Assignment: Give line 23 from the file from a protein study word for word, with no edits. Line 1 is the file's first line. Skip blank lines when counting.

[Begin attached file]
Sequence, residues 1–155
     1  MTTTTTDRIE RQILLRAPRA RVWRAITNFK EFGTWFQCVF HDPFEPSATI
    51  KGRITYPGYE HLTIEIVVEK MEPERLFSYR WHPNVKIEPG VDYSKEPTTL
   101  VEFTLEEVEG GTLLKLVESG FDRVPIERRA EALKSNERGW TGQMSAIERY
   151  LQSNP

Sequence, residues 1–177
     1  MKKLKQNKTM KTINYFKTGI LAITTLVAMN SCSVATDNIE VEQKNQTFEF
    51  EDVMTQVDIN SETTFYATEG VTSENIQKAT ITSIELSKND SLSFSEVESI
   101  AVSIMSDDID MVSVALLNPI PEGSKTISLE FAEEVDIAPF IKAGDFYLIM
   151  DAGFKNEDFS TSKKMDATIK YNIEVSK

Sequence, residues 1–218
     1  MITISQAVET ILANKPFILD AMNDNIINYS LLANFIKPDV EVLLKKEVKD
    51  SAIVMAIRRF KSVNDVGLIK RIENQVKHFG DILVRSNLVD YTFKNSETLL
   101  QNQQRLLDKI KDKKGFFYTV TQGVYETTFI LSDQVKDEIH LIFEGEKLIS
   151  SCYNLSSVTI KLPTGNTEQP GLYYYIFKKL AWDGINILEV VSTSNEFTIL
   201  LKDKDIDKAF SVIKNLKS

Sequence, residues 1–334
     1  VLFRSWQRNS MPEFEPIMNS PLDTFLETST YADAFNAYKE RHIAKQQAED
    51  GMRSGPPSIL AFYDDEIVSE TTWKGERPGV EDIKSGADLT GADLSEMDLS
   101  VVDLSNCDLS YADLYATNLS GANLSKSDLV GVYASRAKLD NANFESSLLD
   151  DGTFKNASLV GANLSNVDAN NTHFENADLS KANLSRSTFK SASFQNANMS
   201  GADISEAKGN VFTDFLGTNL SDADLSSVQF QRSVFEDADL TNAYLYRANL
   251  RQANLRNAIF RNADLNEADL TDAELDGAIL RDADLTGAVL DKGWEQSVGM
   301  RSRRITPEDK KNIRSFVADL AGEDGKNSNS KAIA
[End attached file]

   251  RQANLRNAIF RNADLNEADL TDAELDGAIL RDADLTGAVL DKGWEQSVGM